Chineme OkaforÂ in AbujaÂ
The Minister of Power, Works, and Housing, Mr. Babatunde Fashola, on Thursday stated that so far, the federal government has spent about N260 billion out of the N300 billion it budgeted for Nigeriaâ€™s road infrastructure.
Speaking at the fourth quadrennial delegates conference of the Petroleum Tanker Drivers (PTD) branch of the National Union of Petroleum and Natural Gas Workers (NUPENG) in Abuja, Fashola stated that this financial expenditure has helped the government fix and build roads across the country.
A text of his speech at the conference was sent to THISDAY by his senior advisor on communications, Mr. Hakeem Bello.
The minister claimed that tanker drivers who run on roads across the country could testify to his claims of the countryâ€™s road network being improved on by the government.
He also said the government had in its Economic Recovery and Growth Plan (ERGP) identified energy sufficiency and infrastructure development as critical action points to pursue.
â€œThese action points are not accidental; on the contrary, they reveal a clear thinking and understanding of what must be done to rebuild our economy and underline the interconnectivity between availability of quality infrastructure and the delivery of energy from petroleum products to drive our economy.
â€œBut it is one thing to have a plan, and yet another thing to commit to a faithful implementation of that plan.Â If you think this is not important, let me remind you that in 2015, onlyÂ N18 billionÂ was budgeted for all Nigerian roads in the Ministry of Works. OnlyÂ N9 billionÂ was funded at the time, when Nigeriaâ€™s oil was selling at close to $100 per barrel.
â€œWhat has changed under the Economic Recovery and Growth Plan (ERGP) is that the Buhari government has committed close toÂ N300 billionÂ to roads, and funded aboutÂ N260 billionÂ at a time when oil prices are manifestly below the 2015 figures,â€ said Fashola.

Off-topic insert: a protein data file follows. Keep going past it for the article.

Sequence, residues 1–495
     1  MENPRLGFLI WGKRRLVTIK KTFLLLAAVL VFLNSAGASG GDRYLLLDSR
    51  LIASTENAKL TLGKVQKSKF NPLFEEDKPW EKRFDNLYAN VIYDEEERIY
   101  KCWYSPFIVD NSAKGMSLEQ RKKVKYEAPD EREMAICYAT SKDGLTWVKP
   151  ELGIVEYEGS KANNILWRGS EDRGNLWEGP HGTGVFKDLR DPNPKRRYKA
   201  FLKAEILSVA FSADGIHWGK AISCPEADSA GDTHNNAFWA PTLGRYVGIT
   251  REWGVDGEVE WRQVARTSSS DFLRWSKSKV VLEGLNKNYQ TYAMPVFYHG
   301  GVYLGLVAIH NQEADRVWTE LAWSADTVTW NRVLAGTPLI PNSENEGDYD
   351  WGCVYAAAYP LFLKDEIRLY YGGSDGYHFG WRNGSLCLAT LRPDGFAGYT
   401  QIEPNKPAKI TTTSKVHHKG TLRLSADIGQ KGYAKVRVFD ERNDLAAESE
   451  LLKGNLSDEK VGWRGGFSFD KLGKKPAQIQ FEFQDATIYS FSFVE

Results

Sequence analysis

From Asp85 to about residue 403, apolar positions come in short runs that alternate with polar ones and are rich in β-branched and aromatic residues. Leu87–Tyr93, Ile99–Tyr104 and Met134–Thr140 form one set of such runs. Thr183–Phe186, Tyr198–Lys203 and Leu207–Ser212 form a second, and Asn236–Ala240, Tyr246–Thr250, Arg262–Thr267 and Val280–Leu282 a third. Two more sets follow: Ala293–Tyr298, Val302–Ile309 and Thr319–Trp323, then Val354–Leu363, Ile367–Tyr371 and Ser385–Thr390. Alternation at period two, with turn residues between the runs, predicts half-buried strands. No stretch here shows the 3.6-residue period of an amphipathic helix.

Speaking on the impacts of the investment on the road sector, he said: â€œSo, if people ask you what change means, please tell them it means doing more with less.
â€œWhat are the results of this change?Â The results mean reduced journey times on the sections of roads where work has now resumed.
â€œThose of you who ply Ilorin-Jebba will now admit that from spending seven days on that road, you now spend less time while works are rapidly progressing, not only on the road but also in the emergency repairs on the Tatabu Bridge, which suddenly collapsed as a result of massive rainfall, flooding, and lack of maintenance.â€
â€œThose of you who ply the Suleja-Minna highway where there are strategic NNPC depots at Minna and the PPMC depot at Diko, will now acknowledge that the contractor is back to work.
â€œI must, of course, acknowledge the support we have received from the Niger State government, and the impact of the Sukuk, an initiative of the Federal Ministry of Finance, wholesomely supported by Mr. President.
â€œThose of you who take products from the NNPC depot at Gusau will acknowledge that our contractor is now back to work after years of absence due to lack of payment for work done on the Zaria-Gusau-Sokoto Road,â€ he added.
The minister also noted that work on roads such as theÂ Ibadan-Abeokuta Highway,Â Enugu-Abakaliki and Kaduna-Jos Roads have progressed .
â€œSo, if they ask you what change means to tanker drivers, please tell them that it means the revival of construction works and the return of contractors to access roads to petroleum depots, from which you do business and support your families.
“Tell them that your journey times on these roads is gradually improving and the presence of contractors at the work site gives you hope that it will get better,â€ he noted.